Date   

Re: Humanity!

Jerry McCarthy
 

Curt Herzstark's autobiography (written in German, English translation available from the OS) I think ticks some of the boxes. I know it's not exactly about SRs, but close enough perhaps.

Regards, Jerry McCarthy, U.K.


On Jun 15, 2021, at 2:54 PM, Rod Lovett <Rod@...> wrote:

Hi All,

I have a fairly small collection of Slide Rule Books

By my computer at this moment there are:

Books by Peter Hopp,
    Slide Rules, Their History Models and Makers; Joint Slide Rules; Pocket Watch Slide Rules

Books by Karl Kleine, 
    The Proceedings of IM2013 and IM2017

A Book by   Kleine and Kuhn  
    Dennert & Pape  Aristo 1872 - 1978

A Book by Barnes and White, 
    Otis King Calculators

A Book Dieter von Jezierski 
    A Journey Through Three Centuries

A Book by Peter Holland 
    Rechenschieber, Slide Rules  A.W. Faber

A Book by Panagiotis Venetsianos 
    Pocketbook of the Gauge Marks

A Book by Ijzebrand Scuitema and Otto van Poelje
    The Schuitema Collection

and others scattered around elsewhere.


They are a glorious mine of information and they all have the same thing in common.  They're about slide rules!

But with one exception* they all lack the same thing.  To a great extent they lack humanity - the human side of the story.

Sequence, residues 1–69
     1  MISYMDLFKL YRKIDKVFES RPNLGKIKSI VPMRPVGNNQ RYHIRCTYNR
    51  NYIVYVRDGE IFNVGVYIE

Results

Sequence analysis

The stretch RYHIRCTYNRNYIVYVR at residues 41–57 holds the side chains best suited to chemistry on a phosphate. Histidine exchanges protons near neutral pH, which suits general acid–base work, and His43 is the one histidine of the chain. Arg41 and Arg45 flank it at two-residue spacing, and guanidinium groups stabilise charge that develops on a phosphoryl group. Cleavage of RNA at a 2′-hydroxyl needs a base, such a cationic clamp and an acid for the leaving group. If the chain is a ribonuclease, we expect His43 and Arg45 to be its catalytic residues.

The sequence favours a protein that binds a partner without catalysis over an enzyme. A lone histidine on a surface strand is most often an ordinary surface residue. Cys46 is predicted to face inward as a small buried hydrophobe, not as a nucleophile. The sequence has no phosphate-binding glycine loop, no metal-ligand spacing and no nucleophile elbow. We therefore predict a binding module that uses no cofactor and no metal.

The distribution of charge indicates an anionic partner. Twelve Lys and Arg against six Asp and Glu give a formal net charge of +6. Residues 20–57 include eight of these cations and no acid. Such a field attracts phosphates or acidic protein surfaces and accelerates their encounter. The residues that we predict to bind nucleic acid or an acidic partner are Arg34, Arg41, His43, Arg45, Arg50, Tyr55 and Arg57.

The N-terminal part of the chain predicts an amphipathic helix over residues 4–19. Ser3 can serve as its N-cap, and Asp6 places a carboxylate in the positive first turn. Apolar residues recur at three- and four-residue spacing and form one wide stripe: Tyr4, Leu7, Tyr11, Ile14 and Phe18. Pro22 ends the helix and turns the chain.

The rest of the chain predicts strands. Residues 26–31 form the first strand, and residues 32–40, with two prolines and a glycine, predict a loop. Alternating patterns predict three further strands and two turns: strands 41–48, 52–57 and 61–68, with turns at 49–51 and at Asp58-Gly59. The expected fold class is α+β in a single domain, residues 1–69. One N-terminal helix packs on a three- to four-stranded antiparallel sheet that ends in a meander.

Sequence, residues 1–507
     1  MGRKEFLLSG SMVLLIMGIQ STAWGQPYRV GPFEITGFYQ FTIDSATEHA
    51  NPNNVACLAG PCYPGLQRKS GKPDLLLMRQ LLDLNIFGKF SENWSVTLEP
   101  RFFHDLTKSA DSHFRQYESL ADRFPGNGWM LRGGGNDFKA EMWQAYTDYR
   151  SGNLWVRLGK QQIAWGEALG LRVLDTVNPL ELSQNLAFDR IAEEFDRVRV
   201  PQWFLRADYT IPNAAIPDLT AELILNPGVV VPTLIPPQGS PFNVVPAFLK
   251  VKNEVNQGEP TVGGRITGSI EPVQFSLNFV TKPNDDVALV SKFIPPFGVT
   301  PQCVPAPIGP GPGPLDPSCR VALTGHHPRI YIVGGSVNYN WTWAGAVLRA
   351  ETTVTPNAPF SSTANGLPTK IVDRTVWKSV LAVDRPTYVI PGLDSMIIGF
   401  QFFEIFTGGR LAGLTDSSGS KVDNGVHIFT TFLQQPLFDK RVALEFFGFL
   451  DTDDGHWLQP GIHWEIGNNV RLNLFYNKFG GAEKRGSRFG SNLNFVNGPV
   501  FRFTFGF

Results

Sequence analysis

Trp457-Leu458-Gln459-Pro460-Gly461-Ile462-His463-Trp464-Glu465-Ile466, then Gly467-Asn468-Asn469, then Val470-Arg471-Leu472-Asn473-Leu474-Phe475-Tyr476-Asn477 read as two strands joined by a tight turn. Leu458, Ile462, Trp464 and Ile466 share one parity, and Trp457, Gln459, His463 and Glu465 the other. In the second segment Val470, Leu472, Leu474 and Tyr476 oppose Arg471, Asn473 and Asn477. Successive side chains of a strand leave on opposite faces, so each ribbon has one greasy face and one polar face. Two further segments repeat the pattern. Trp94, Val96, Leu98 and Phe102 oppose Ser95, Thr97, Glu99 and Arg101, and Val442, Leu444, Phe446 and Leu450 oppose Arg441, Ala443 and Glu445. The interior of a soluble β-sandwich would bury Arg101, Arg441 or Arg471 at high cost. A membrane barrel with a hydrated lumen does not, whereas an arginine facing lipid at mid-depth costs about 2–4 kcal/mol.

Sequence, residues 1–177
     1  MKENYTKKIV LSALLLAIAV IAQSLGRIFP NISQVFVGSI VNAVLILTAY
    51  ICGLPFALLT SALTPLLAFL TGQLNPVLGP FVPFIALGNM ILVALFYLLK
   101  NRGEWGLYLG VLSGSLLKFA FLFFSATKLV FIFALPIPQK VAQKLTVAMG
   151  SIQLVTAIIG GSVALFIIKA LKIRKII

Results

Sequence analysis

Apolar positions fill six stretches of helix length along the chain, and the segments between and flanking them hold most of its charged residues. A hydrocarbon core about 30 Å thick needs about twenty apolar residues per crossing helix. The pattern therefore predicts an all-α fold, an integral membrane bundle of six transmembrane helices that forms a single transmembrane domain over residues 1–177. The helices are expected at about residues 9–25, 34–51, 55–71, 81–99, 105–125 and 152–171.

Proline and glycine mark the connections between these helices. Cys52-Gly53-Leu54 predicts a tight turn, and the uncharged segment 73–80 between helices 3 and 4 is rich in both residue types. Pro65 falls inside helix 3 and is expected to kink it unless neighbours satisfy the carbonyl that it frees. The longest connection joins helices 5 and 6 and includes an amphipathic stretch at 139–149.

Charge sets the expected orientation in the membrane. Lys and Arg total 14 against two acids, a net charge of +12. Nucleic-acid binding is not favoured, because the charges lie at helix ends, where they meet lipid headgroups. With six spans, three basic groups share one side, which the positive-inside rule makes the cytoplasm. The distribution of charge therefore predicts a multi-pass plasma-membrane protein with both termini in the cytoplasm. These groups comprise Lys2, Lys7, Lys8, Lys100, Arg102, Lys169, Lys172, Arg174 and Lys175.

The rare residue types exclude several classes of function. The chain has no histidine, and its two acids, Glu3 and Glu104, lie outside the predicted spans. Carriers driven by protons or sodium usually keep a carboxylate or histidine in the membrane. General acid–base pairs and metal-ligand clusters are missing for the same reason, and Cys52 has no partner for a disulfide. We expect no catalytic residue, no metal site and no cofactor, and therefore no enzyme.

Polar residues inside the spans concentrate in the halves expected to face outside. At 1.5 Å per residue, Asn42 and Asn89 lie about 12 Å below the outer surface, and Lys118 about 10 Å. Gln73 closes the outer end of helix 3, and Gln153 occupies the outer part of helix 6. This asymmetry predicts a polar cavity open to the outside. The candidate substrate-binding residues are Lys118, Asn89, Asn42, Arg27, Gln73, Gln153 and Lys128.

I'm not blaming the authors. This is not their  fault.  It was never part of their brief to include it.

But a book that would appeal to the non-slide rule enthusiast; to the "general public", needs humanity.

Think about making timepieces more accurate.  Be honest! Fairly boring!  The problems with making such timepieces more accurate whilst at sea. Still fairly boring.  Insert the reasons why this is important.  Much less boring.  Insert a self-taught genius and his battle against the establishment and you have "Longitude" and a best seller.

Perhaps that is what is required to keep the slide rule flame alive and interest a new generation of collectors; to tie real people into some real life problems with their use of the slide rule.

Just a thought.

Rod

* P.S.  The one exception:  Calculating on Slide Rule and Disc "2 x 3 .... approximately 6"    by Schuitema and Van Herwijnen  which includes several written portraits of 'slide rule people' mainly from the Netherlands.  However, these portraits are not tied together into one consistent  story. And again that was never the intention.